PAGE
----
Filling the need for trusted information on national health issues…

Section 2: Page One

Although nearly all large firms (200 or more workers) offer health benefits, all small firms (3-199 workers) are only about half as likely as all large firms to offer coverage (Exhibit 2.2).

Annual changes in the offer rate over the last several years have been small; however, the cumulative result is a statistically significant drop in the percentage of firms offering health benefits since 2001. This change is driven primarily by a decrease of five percent in the number of all small firms (3-199 workers) offering coverage over this time period. The decline in coverage is likely a response to four consecutive years of double-digit premium growth, combined with a slow job market.

  • Sixty-three percent of all small firms (3-199 workers) offer health insurance in 2004, down from 68% in 2001 (p<.10), but statistically unchanged from last year. The offer rate for all firms has fallen from 68% in 2001 to 63% over the same period (p<.10). Because there are so many more small firms than large firms, the offering practices of small firms dominate the all-firm rate (Exhibit 2.2).
  • The likelihood that a firm offers health benefits to its workers varies considerably with the firm’s characteristics, such as firm size, the proportion of part-time workers in the firm, and whether workers are unionized.
    • The smallest firms are least likely to offer health insurance. Only 52% of firms with 3-9 workers offer coverage, compared to 74% of firms with 10-24 workers and 87% of firms with 25-49 workers. Nearly all firms with 50 or more employees offer health insurance coverage (Exhibit 2.2).
    • Firms with many part-time workers—where 35% or more of employees work parttime —are also less likely to offer coverage to their workers than firms with fewer part-time employees. Among firms with many part-time workers, only 42% offer health insurance, compared to 68% of firms with a lower percentage of part-time workers (Exhibit 2.3).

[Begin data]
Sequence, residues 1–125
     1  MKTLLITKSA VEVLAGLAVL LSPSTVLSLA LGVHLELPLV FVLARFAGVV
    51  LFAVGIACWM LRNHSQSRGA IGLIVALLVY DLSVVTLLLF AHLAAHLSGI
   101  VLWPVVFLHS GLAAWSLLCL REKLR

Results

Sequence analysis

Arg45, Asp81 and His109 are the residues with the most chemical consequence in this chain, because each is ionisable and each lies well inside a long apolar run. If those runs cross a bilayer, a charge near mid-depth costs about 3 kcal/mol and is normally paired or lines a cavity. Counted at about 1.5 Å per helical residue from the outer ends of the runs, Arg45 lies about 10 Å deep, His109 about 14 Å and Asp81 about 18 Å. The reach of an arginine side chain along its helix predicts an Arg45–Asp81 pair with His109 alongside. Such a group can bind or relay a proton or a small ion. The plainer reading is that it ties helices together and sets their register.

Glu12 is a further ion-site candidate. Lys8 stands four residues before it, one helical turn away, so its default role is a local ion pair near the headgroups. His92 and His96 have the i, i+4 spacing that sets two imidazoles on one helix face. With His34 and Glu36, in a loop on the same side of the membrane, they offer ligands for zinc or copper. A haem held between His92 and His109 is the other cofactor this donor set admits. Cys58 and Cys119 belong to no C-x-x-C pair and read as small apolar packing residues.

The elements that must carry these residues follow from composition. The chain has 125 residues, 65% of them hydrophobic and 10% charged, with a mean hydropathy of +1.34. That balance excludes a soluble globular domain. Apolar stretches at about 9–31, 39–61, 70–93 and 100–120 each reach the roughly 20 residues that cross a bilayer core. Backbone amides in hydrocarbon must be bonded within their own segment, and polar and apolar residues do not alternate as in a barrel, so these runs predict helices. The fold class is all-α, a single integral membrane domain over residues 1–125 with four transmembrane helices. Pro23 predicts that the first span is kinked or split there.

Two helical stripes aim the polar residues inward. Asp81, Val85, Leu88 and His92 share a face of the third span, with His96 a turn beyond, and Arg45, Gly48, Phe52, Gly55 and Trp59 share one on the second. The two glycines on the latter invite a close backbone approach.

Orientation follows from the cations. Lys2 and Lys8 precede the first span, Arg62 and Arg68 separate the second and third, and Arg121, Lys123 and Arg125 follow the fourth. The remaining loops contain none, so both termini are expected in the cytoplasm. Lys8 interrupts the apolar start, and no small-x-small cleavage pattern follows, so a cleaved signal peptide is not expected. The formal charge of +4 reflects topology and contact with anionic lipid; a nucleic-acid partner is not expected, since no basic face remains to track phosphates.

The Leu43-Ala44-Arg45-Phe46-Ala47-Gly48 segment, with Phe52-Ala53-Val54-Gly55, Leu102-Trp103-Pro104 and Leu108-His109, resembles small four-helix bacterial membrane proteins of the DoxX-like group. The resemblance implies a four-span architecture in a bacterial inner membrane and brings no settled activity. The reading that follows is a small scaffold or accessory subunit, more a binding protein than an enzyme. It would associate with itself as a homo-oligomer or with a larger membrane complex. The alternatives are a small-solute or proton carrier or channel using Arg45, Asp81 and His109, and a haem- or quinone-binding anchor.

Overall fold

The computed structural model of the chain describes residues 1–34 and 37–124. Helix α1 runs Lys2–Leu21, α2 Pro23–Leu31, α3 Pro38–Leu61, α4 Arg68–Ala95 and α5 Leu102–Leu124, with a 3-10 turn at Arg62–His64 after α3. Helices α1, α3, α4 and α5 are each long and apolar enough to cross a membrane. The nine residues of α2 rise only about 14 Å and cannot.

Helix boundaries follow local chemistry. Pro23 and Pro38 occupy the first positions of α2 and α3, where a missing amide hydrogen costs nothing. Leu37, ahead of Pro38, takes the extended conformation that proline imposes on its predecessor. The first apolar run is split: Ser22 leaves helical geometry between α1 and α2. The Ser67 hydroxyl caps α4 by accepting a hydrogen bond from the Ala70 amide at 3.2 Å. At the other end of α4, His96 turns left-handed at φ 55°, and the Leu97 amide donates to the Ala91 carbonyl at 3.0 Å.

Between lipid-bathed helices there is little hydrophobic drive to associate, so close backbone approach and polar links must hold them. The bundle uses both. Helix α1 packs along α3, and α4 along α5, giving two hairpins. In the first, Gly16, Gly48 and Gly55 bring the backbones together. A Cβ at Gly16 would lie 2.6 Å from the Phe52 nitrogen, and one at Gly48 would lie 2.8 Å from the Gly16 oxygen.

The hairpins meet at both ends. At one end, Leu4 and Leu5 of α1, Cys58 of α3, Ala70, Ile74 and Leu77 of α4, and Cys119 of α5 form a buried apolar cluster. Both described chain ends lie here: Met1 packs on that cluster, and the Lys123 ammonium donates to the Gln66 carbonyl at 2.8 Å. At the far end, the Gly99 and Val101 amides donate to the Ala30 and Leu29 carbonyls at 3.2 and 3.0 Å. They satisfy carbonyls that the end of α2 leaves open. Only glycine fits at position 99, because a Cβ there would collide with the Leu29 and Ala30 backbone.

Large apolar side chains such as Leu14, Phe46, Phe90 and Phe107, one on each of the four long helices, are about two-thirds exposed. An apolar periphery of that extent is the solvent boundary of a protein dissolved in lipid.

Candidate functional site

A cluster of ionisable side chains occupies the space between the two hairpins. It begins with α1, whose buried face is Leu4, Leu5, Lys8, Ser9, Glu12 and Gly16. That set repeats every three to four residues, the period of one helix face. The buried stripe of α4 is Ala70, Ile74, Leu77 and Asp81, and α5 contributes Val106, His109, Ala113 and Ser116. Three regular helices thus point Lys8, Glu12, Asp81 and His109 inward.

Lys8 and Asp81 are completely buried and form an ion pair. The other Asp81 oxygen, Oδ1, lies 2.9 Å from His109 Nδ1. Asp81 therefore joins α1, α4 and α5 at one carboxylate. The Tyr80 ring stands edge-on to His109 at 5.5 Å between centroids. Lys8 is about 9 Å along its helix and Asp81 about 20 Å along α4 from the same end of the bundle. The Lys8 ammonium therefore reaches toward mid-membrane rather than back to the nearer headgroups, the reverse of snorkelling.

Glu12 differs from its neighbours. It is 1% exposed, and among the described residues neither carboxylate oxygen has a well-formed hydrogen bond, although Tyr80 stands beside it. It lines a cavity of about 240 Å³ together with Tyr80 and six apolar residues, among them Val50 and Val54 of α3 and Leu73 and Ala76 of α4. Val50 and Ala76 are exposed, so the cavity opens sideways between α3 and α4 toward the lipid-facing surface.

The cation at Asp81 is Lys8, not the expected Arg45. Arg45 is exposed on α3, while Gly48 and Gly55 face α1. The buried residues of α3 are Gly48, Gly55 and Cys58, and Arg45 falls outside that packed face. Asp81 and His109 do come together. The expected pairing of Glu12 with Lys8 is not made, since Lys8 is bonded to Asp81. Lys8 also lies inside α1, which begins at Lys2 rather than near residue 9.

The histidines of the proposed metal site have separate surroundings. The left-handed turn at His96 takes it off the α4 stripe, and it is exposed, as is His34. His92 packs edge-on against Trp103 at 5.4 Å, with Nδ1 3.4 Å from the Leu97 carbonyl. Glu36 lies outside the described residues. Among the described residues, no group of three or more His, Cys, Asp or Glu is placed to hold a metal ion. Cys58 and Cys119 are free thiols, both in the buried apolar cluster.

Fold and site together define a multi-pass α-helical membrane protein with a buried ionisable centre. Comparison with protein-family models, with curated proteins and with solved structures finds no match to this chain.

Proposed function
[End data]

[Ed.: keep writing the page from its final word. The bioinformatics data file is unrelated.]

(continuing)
• Firms that employ union workers are significantly more likely than firms without union workers to offer health benefits to their employees. Ninety-six percent of firms with union workers offer health benefits, whereas only 61% of firms that do not have union employees offer health coverage (Exhibit 2.3).
  • Among firms offering health benefits, few offer benefits to their part-time and temporary workers. The number of firms offering health benefits to part-time and temporary workers is similar to last year.
    • In 2004, 23% of all firms offer health benefits to part-time workers. Larger firms are more likely than smaller firms to do so. Only 20% of firms with 3-24 workers offer benefits to part-time workers, compared to 59% of jumbo firms (5,000 or more workers) (Exhibit 2.5).
    • Regardless of firm size, very few firms overall (4%) offer health benefits to temporary workers. Less than four percent of firms with fewer than 200 workers and only seven percent of firms with 5,000 or more workers offer benefits to their temporary employees in 2004 (Exhibit 2.6).
  • Fourteen percent of all firms offer health benefits to same-sex couples, and twelve percent offer health benefits to unmarried heterosexual couples. Jumbo firms (5,000 or more workers) are more likely to offer benefits to same-sex couples than smaller firms. There are no significant differences by firm size in firms’ likelihood of offering benefits to unmarried heterosexual couples (Exhibit 2.8).

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Filling the need for trusted information on national health issues, the Kaiser Family Foundation is a nonprofit organization based in Menlo Park, California.